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Planning Your Homeschool Year, calendar and pencil

Planning Your Homeschool Year to Avoid Burnout

Planning Your Homeschool Year to Avoid Burnout - calendar with pencil

Planning Your Homeschool Year to Avoid Burnout

Until two years ago, I struggled with homeschool burnout every year, but I discovered a new homeschool year plan and left burnout far, far behind. Planning your homeschool year to avoid burnout will change your homeschool forever!

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When we first began our homeschooling journey our homeschool schedule looked very much like that of the public school system. We tried to stay in-sync for various reasons, but that didn’t leave much time for breaks when my family needed them, therefore causing burnout.

I was watching a video several years ago and heard the speaker, I don’t remember who, talk about schooling for five weeks and taking a break for a week. That schedule would carry them over into the summer, but they were much more relaxed and enjoyed their homeschool life more.

At the time, I thought it would be crazy to homeschool kids in the summertime. I have since changed my thinking.

There are ways you can move this schedule around to make it work for you. For instance, we always take major holidays off, and sometimes the week of the holiday. We also take some of the minor holidays off too, because my husband is off work. Homeschooling with Dad at home never goes well…ever.

How Long Is A Homeschool Year?

In Tennessee, a homeschool year is required to be at least 180 days. Homeschool day requirements are that you school for at least 4 hours per day. Other states may vary, I’m only familiar with Tennessee’s homeschooling laws.

So, now that we know what we must plan for, let’s take a look at my family’s homeschool calendar.

Do you need a homeschool calendar? 



Our Homeschool Year At A Glance

This is what our schedule looked like for the 2018-2019 school year.Planning Your Homeschool Year Printable

We started school on July 23rd. We schooled for five weeks and then were off on a week break.

September 3rd was Labor Day, Dad was home, no school.

Our schooling started back up on September 4th – October 5th, and we took another break from October 8th – October 12th.

October 15th – November 16th, we had school, but Veteran’s Day was November 12th, again, Dad was home, so we took off that day.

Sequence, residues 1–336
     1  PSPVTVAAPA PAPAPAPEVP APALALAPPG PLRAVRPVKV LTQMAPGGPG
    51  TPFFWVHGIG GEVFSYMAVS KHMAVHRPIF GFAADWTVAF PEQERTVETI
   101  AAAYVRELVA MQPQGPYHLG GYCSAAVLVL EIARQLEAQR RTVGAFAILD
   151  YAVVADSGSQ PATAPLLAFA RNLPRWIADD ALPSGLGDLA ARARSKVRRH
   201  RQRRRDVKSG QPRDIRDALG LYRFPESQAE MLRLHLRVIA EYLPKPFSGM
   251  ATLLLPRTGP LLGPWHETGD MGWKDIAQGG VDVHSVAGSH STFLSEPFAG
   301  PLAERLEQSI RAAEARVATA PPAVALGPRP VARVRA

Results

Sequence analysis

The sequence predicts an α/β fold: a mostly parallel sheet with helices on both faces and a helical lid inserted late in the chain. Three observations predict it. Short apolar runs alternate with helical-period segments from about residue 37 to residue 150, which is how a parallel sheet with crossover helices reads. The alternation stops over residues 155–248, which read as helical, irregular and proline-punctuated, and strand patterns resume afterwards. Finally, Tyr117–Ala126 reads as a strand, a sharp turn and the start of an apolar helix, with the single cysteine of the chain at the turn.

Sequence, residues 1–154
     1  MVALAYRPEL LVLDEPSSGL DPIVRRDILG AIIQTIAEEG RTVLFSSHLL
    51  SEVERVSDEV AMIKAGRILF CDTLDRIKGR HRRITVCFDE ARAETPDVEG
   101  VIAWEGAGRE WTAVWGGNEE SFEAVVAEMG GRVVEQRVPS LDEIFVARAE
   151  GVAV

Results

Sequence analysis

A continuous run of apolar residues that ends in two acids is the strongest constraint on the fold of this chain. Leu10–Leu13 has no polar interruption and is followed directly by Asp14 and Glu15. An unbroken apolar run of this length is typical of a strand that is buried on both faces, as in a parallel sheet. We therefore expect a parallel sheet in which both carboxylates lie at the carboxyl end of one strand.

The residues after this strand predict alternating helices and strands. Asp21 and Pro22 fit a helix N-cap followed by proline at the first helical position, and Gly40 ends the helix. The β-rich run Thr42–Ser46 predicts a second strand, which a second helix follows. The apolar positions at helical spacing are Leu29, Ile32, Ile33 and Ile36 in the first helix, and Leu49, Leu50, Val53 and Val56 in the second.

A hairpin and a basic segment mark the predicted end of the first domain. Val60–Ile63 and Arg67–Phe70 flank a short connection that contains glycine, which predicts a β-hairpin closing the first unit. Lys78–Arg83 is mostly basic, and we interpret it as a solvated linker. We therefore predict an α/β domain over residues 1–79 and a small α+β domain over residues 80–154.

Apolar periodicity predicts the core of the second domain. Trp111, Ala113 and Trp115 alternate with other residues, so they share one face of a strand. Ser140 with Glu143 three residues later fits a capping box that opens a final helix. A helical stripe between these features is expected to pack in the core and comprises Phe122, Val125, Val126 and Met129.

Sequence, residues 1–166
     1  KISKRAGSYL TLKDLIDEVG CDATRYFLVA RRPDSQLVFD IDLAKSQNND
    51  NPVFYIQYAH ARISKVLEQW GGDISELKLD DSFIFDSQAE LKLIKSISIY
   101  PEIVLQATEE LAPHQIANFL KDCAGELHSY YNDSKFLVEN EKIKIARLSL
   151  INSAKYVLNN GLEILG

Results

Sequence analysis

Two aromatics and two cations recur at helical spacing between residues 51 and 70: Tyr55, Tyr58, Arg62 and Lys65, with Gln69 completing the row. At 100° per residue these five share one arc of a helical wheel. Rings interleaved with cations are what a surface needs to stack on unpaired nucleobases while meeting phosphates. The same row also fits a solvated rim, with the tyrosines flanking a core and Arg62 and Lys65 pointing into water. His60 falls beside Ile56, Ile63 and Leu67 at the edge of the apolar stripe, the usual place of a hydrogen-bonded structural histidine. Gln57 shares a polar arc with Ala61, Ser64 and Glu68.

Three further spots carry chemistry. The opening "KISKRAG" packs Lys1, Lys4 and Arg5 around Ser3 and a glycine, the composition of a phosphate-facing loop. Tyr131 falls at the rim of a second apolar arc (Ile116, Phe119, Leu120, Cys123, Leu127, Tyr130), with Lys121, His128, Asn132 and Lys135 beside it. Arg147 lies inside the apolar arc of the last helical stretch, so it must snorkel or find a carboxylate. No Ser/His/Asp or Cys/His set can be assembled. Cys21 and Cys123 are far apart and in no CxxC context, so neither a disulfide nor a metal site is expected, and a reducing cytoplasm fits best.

We took off the whole week of Thanksgiving and got started again on November 26th.

Holiday Homeschool Planning

There are a couple of different ways to handle holiday breaks.

The first way is to take off from Thanksgiving until after the first of the year. If you don’t celebrate bringing in the new year, you could start on New Year’s Eve. We do, however, and we don’t “do school” again until Dad goes back to work. That usually means we take off until the second week of January.

Some families that use this schedule take the time between Thanksgiving and New Year’s off. I can’t do that; my children would make me crazy in the wintertime with little to do outdoors. We don’t do well all cooped up together.

Here’s our 2019-2020 homeschool planning calendar…

2019-2020 Homeschool Planning Calendar image

Our 2019-2020 homeschool calendar looks similar to last year’s.

This is a realistic look at what our calendar looks like at the end of the school year. I’ve made notes on it, changed up some of our days off, and calculated our dates in the months.  

I won’t go through our entire calendar, but you get the idea.

Any sick days or days when school doesn’t get done are added onto the end of our homeschool calendar year or made up with an occasional Saturday field trip.

Here’s another look at some homeschool planning.

Begin With The End In Mind

Tentatively, our last day of school is May 29th. I won’t hold too tightly to that day because, well, life happens and kids get sick, and moms get sick, but that’s the day we’re hoping to be finished. This gives us the entire month of June off and most of July, before beginning again around July 22, 2019. I like to aim for getting, at minimum, one month of summer with no homeschooling.

The main thing to remember is to always get in the number of school days required by your school district or homeschool umbrella school.

I hope this has given you some homeschool planning ideas. If you’d like to know more about how we structure our days, Our Imperfect Homeschool Routine will tell you all you need to know.

As always, if you have questions or need some help, you can email me at

As an affiliate for several companies, if you click on the links on this website and make a qualifying purchase, I'll earn a commission. For more information, please see my full Disclosure Policy.

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